On 10 February 2017, the biographical film Chavela debuted. Directed by Catherine Gund and Daresha Kyi, the film features Pedro Almodóvar, Elena Benarroch and Miguel Bosé among others.[27]

Death and legacy

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Chavela Vargas had been hospitalized for several weeks as a result of respiratory problems. She died in Cuernavaca, Mexico. According to her official Facebook page, her last words were, "I leave with Mexico in my heart."

On August 6, 2012, Chavela’s funeral was held in Plaza Garibaldi in the center of Mexico city. The film Chavela included footage of her funeral. Hundreds of fans and loved ones gathered in order to honor her legacy where they played her music and drank her favorite drink, tequila. Chavela's ashes were scattered in Chalchi Hills, Morelos, Mexico.[28]

The film Chavela mentions that after her new found popularity in Spain, she no longer rejected the word “lesbian” despite having previously been offended by the term. In the film, Chavela states that there is no longer a need to be scared about defining herself as a lesbian, and embraced being open about who you are.[12] In the film, one of the last statements she makes is that “My song is dedicated to all the women of the world: Mothers, daughters, sisters, wives, friends, and lovers.”[14]

A slogan that she lived by and would often tell her fans was “Human beings love, and that’s all that matters. Don’t ask them who they love or why.” She had categorized the person she was before leaving for Mexico as Isabella, someone that she held dear. Whereas ‘Chavela’ was born in 1942 when she moved to Mexico and was someone who was “Cabrona.” In the persona of Chavela, she found a safety net for herself that allowed her to continue living despite the turmoil she had faced. In one of her last interviews in the film, she states, “When you’re true to yourself, you win in the end.”[12]

On 17 April 2013, Google celebrated her 94th birthday with a Google Doodle.[29]

In August 2019, Vargas was one of the honorees inducted in the Rainbow Honor Walk, a walk of fame in San Francisco's Castro neighborhood noting LGBTQ people who have "made significant contributions in their fields."[30][31][32]

References in other works

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Joaquín Sabina's song "Por el Boulevard de los Sueños Rotos" ("Down the Boulevard of Broken Dreams") is dedicated to Vargas.[1] Sergio Ramírez Mercado, a Nicaraguan writer, published in 2011 the novel La Fugitiva, a fictionalized account of the life of Costa Rican writer Yolanda Oreamuno. In Ramírez' work, Oreamuno's life is told by three women who met her. According to many critics, one of the female characters telling Oreamuno's history is a singer who resembles Chavela Vargas. The character talks about her own life and her non-reciprocated love for Yolanda Oreamuno.[33]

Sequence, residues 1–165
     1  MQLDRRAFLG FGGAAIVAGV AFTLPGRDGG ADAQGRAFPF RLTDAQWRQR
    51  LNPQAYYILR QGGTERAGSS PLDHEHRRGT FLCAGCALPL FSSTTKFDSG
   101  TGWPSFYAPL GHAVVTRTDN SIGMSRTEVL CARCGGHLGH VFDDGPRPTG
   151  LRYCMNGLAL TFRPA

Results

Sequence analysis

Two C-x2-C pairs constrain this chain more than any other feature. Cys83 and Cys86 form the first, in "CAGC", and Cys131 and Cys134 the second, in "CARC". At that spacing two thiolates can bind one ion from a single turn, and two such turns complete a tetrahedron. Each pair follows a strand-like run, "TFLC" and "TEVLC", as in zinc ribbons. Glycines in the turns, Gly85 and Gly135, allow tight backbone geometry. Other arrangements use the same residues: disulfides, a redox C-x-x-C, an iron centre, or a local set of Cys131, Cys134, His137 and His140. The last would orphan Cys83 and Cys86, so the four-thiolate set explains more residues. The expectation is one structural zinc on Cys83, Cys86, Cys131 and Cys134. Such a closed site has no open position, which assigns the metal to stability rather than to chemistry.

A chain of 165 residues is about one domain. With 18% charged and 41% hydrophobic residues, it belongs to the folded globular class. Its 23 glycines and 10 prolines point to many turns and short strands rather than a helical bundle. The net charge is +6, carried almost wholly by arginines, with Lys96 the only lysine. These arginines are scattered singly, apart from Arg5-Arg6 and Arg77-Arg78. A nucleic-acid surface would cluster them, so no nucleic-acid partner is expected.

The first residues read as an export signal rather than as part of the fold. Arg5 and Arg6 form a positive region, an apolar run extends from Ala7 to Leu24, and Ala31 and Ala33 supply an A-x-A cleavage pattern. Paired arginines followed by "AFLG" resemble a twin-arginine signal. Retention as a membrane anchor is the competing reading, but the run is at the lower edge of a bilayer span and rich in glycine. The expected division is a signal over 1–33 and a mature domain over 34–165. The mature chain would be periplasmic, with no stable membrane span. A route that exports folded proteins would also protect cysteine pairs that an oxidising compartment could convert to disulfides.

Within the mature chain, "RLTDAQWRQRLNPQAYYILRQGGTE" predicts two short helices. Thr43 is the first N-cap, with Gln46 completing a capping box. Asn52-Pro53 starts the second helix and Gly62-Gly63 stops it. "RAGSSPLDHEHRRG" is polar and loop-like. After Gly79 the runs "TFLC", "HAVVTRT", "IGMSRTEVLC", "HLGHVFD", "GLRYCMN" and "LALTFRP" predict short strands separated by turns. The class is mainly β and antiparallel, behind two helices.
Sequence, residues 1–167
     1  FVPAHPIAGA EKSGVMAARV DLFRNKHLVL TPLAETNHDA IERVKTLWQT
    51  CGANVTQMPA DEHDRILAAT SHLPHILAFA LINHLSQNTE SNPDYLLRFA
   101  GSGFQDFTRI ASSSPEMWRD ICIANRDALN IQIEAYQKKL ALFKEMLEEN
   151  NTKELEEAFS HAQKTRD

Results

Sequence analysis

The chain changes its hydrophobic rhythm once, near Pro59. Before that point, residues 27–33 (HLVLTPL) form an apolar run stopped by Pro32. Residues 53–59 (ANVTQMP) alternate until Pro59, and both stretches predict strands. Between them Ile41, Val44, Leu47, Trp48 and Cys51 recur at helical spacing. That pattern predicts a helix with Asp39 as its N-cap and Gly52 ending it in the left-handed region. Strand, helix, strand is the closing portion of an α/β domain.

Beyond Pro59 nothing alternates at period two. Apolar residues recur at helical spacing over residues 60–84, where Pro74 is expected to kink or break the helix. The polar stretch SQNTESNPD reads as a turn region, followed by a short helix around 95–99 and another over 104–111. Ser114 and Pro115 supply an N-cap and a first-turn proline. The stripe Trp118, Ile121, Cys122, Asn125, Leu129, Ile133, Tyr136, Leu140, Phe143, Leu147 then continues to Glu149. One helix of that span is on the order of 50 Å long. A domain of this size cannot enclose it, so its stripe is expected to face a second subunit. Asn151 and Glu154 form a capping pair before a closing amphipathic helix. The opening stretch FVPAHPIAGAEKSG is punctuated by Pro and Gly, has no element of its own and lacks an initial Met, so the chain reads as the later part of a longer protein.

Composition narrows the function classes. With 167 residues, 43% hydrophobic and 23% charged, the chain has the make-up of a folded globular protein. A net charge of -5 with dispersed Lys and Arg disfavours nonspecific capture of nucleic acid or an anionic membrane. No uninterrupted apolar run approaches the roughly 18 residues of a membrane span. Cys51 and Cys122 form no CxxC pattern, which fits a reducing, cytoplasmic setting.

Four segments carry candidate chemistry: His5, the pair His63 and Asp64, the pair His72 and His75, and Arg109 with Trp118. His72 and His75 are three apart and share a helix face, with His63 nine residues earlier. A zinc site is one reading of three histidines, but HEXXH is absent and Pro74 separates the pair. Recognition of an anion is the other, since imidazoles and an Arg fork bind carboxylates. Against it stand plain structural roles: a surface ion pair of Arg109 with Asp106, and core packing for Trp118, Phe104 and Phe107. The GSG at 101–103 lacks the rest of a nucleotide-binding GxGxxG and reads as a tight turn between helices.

In 2012, the artist Juan Carlos del Valle presented a series of portraits of Vargas at the Centro Cultural de España en México, Mexico City.[34]

Selected discography

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  • Con el cuarteto Lara Foster, 1961
  • Hacia la vida, 1966
  • Corridos de la revolución, 1970
  • Amanecí en tus brazos, 1973
  • La Original, 1973
  • Lamento Borincano, 1973
  • Poema 20, 1975
  • Noche Bohemia, 1989
  • Noche de Ronda, 1989
  • Piensa en mí AKA Vuelve, 1991
  • Boleros, 1991
  • La Llorona, 1994
  • Sentimiento de México (vol. 1), 1995
  • De México y del Mundo, 1995
  • Le canta a México, 1995
  • Volver, volver, 1996
  • Dos, 1996
  • Grandes mementos, 1996
  • Macorina, 1994/1996
  • Chavela Vargas, 1997
  • Pasión bolero, 1999
  • Colección de oro, 1999
  • Con la rondalla del amor de Saltillo, 2000
  • Para perder la cabeza, 2000
  • Las 15 grandes de Chavela Vargas, 2000
  • Grandes éxitos, 2002
  • Para toda la vida, 2002
  • Discografía básica, 2002
  • Antología, 2004
  • Somos, 2004
  • En Carnegie Hall, 2004
  • La Llorona, 2004
  • Cupaima, 2006/2007
  • Soledad, 2007
  • Piensa en mí, on Splendor in the Grass by Pink Martini, 2009
  • Luz de Luna, on San Patricio by The Chieftains featuring Ry Cooder, 2010
  • Por mi culpa!, 2010
  • Luna Grande, 2012

See also

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Notes

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  1. ^ In this Spanish name, the first or paternal surname is Vargas and the second or maternal family name is Lizano.

References

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  1. ^ a b c d e Boccanera, Jorge, Entrelineas: Dialogos con Jorge Boccanera, ed. Mario José Grabivker (Buenos Aires: Ediciones instituto movilizador fondos cooperativos C.L., 1999)